Project Management

Why 'What's In It For Me?' Works in Projects

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Categories: Stakeholder


Have you ever wondered why many executives don't turn up for your steering committee meeting and those who do are usually on their smartphones?

Chances are that the only information the executives received about your meeting was the agenda and the briefing notes, which focus on the project's status and technical performance. This is abstract data that takes time to read and understand. As a consequence, it becomes paperwork that is put aside to read later, buried under other paperwork and eventually forgotten.

To be successful in attracting the attention of busy executives, focus on a 30-second 'wake-up call' that will cut through the thousands of other messages circulating in your organization and get the executives attention. You cannot communicate unless you get the other person's attention first; so your 'call' must persuade each member of the committee to be both physically and mentally present for your meeting. Only then will your more complex messages be heard and possibly acted upon.

The solution is 'What's In It For Me' (WIFM).

WIFM appeals directly to the attention and decision-making functions of the human brain. The amygdala, a part of the brain, rules much of our actions and behavior.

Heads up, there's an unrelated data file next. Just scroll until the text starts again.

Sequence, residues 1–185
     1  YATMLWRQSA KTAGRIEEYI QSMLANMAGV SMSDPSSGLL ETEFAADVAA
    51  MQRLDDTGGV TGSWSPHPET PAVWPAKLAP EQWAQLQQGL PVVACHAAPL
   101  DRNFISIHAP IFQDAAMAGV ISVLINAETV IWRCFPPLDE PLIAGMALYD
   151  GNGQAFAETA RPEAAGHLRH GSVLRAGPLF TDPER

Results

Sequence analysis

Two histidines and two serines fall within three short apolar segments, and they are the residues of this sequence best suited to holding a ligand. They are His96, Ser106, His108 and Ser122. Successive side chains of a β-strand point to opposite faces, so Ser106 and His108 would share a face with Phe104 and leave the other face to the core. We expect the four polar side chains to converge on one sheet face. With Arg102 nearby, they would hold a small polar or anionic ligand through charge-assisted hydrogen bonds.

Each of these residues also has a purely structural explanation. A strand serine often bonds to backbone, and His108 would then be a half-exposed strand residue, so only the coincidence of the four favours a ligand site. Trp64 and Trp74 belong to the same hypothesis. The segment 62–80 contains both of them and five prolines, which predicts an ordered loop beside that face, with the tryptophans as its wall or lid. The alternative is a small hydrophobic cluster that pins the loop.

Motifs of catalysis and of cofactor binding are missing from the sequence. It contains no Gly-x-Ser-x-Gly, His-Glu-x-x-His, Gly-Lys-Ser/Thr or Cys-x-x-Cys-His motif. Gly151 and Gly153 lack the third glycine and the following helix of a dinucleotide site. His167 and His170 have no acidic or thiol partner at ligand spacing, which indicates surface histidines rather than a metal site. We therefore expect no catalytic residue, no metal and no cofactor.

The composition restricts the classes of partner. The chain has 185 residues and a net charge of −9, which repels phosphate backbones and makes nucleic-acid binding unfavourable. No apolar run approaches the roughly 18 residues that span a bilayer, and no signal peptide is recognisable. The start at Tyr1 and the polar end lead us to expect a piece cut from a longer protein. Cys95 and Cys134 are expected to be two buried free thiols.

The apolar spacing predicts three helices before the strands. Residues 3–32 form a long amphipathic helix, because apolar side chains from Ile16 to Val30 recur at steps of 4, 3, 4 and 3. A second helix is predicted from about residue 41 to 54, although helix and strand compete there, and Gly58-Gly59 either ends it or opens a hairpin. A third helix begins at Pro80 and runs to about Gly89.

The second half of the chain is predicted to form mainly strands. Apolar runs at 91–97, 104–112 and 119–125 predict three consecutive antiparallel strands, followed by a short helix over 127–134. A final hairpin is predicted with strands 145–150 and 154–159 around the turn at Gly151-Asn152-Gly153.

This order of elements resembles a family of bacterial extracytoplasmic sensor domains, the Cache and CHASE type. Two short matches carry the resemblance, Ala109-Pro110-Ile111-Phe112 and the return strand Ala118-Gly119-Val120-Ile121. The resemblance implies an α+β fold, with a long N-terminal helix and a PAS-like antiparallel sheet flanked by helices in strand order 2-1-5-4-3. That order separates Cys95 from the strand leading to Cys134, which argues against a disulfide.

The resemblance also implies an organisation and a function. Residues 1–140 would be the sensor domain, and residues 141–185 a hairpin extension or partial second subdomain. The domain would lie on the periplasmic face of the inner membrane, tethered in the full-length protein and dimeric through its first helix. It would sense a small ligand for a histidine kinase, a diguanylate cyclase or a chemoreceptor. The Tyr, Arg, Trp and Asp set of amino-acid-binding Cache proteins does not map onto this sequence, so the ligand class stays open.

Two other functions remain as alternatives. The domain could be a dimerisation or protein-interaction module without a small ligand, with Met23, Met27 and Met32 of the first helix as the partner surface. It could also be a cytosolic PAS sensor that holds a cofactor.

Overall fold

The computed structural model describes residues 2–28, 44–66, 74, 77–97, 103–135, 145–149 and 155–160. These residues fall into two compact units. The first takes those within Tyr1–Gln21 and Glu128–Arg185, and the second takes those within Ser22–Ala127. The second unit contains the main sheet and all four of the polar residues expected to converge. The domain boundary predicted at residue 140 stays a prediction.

The amygdala determines in a fraction of a second what we pay attention to. It will pay no attention at all unless it can immediately see WIFM. To cut through each executive's communication overload, your 30-second 'wake-up call' needs to be direct and simple and appeal to the person's emotions. Pleasure and fear are equally effective emotions, so the call should worry the executive--or make him or her feel good. It should not focus on a third party, such as you or your project.

The amygdala is expert at screening everything that doesn't directly interest it, including things that are abstract, complex or about someone else. Uninteresting or confusing messages are rejected in the blink of an eye, before the rational and analytical areas of the brain have a chance to begin the thinking process.

Only after you have gained the executive's attention can you engage with the person and deal with the substance of the meeting. Strong messages start this process, but the real work of the meeting will require the use of more highly crafted forms of communication built around the concept of effectively 'advising upwards.'

Ask yourself: 'Are we getting the attention of those most important to us?' If you are getting attention, are you keeping it and building it? And if you don't know, what can you do to find out?
Posted by Lynda Bourne on: September 27, 2012 12:04 PM | Permalink

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